Friday, December 30, 2011

merry happy everything

from my new piece in GOOD magazine:

The No-Resolution Resolution: How to Really Be Happy in 2012

In mid-December, I celebrated my 30th birthday at a little Scandanavian restaurant in a quickly-changing part of DC. I was surrounded by great artwork, brightly colored vats of aquavit, and the people I loved most. Throughout the cocktails and the courses of heavy winter food, I kept looking around to marvel at all I have to appreciate in my life. Professionally, I am a decently busy photographer and yoga teacher. I just marked a year and half with my boyfriend (we’re an OKCupid success story). I have lovely friends and a great home and opportunities to travel. Most importantly, though, I feel good in my own skin and confident in my ability to handle the hard times.

It wasn’t always this way. Five years ago, I was going through some serious soul-searching. I was just back in the States after living abroad. Confused about what I wanted to do, I took a job at a dysfunctional non-profit, where I soon felt trapped. I had been single for a while and thought this meant something big about me. I tried to be myself, but each date I went on only confirmed how far I was from having the kind of relationship I wanted. There was nothing really wrong in my life, but nothing felt like it fit.

It took a lot of change to get to where I am now. I got a therapist and a life coach. I got serious about my yoga practice, sat for 10 days on an intense meditation retreat, and took ayahuasca with a shaman in the Peruvian Amazon. I took a lot of risks and was super honest about what I wanted—and what I was willing to do to get there. These days, I still feel fear, anger, anxiety, and shame. But I see these as temporary moods within the larger framework of a life I love.

I want this for us all. Although I am skeptical about most New Year's resolutions—my brother says we just use them to make ourselves feel better after overindulging in the holidays—I think now is as good a time as any to make the changes you’ve been thinking about. These are five ideas that have helped me on my quest to be happier.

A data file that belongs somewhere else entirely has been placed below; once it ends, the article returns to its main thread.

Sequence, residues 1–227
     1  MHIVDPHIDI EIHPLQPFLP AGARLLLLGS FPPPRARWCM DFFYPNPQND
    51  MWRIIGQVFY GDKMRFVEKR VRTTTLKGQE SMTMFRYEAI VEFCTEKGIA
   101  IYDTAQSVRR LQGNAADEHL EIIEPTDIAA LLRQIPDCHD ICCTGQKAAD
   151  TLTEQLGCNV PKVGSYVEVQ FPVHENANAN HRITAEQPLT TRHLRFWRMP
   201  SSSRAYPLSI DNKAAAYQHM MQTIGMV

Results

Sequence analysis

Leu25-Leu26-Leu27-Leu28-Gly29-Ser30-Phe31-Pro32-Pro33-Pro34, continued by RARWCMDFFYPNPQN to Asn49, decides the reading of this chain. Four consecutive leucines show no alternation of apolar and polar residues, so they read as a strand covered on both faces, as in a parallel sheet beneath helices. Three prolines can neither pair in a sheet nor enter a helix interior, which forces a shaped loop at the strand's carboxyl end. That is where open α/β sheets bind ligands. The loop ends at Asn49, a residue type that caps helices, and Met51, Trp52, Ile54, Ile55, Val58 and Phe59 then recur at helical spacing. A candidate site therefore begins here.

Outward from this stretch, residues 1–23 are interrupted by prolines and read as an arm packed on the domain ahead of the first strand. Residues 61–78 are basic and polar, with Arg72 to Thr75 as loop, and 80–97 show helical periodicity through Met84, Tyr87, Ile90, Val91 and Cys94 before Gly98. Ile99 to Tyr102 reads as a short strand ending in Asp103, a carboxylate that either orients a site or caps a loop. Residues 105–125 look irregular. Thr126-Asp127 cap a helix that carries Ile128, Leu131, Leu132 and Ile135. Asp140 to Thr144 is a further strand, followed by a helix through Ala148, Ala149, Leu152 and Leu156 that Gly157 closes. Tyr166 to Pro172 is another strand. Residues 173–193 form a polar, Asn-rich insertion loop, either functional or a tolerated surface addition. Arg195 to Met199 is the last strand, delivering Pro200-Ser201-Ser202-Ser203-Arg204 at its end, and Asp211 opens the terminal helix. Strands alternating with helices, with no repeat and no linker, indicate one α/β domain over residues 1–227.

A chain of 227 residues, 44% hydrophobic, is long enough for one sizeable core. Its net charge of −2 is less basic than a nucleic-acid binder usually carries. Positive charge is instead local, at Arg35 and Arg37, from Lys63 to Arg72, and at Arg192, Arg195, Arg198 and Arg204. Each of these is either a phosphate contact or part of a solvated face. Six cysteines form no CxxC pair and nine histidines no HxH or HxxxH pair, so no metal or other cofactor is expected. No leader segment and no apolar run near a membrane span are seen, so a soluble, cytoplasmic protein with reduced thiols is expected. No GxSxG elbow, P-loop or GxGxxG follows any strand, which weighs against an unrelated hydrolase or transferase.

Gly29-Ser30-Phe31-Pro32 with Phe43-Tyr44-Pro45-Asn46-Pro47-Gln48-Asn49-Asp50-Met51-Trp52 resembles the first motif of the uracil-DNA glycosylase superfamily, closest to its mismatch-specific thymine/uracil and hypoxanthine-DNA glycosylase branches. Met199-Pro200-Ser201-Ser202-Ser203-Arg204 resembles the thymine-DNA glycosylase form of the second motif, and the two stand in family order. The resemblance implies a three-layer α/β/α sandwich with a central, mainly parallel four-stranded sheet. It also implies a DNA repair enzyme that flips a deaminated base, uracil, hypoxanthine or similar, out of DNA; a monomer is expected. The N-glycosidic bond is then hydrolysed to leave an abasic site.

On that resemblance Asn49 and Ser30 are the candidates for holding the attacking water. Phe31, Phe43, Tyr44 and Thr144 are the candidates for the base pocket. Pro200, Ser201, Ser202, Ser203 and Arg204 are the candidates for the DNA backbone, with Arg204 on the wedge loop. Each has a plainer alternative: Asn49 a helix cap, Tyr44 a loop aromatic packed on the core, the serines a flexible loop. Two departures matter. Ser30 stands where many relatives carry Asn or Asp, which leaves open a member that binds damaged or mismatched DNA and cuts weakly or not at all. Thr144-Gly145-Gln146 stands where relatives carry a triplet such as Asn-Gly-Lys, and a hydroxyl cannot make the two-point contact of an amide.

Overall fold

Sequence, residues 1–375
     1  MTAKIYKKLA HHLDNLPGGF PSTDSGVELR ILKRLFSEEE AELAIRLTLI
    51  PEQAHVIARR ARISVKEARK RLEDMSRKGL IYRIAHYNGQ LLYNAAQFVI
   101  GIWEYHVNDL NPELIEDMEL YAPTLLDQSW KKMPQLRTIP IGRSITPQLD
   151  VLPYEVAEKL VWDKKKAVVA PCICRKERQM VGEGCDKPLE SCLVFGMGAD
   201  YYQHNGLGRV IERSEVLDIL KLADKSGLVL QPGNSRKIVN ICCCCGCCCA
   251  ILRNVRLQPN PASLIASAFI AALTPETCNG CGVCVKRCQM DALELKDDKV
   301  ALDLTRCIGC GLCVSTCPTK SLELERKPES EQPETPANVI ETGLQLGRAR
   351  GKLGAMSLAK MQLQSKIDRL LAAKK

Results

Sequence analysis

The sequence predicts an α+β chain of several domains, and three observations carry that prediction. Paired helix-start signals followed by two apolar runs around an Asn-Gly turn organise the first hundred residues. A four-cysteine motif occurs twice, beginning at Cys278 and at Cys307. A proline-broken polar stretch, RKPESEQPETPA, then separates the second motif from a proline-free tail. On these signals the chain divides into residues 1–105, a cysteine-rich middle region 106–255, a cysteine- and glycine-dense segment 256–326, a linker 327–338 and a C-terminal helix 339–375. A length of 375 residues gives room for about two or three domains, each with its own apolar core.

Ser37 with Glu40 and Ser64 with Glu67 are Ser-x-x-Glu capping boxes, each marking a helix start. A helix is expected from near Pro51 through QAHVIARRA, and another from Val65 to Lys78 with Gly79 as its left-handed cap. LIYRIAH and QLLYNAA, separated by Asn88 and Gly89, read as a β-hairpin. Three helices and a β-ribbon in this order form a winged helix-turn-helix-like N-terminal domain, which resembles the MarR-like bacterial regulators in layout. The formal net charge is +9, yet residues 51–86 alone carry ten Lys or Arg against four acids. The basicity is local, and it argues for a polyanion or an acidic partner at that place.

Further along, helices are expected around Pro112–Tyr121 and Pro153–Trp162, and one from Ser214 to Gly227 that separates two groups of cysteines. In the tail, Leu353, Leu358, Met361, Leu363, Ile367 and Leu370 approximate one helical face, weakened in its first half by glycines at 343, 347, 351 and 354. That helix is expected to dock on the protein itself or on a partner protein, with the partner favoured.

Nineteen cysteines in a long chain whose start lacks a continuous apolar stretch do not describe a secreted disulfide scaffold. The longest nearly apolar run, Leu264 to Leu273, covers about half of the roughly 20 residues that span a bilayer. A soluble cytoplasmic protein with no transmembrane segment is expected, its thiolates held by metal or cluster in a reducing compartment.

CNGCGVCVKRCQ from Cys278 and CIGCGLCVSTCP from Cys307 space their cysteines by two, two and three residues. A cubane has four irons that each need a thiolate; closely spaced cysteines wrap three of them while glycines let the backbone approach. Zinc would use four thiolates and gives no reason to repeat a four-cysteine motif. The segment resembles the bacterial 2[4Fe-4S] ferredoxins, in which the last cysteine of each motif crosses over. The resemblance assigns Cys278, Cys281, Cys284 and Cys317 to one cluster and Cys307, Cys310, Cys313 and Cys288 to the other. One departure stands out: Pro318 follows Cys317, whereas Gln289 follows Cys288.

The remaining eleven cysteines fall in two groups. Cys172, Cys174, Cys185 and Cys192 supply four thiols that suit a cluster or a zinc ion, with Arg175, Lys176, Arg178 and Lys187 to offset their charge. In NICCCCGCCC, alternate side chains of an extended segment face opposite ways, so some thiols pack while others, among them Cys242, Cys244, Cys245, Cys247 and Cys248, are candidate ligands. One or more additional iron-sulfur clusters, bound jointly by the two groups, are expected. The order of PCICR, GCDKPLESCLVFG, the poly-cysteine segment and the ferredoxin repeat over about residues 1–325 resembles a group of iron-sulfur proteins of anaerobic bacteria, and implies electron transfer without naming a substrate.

1. Put the cart before the horse. The most important—and at times perhaps the most annoying—piece of advice that I’ve gotten is just to straight out be happier. We get so caught up in trying to look perfect, get promoted, be cool, find a partner. All of that stuff is awesome, but it's not going to feel good for long without a certain base of personal contentment. You’re just going to want more and more. If you really think about it, we seek things because we think we will feel better once we have them. So why not just feel better and then see what comes?

2. Dream big and challenge yourself. To me, making a "resolution" feels like a punishment and a chore. I’ve always preferred to think of these goals as "dreams," which stirs up the feeling of possibility for me. There is a special energy and real power that comes from talking about your dreams, even when they sound totally crazy. Around this time of year, I like to make a list of what I really want to see happen in my life. I may not get to everything on that list this year (or even in my lifetime), but at least I can understand what direction I want to be moving in. (If you are interested in learning more about the art of dreaming, check out the online class Mondo Beyondo.) If dreams don't appeal to you, think about your change as more of a challenge. In 2011 I challenged myself to take and post a photograph every day. Taking 365 pictures was fun at times and annoying at others, but in the end I learned that living an artistic life is about doing a little work every day, not just the occasional inspiration.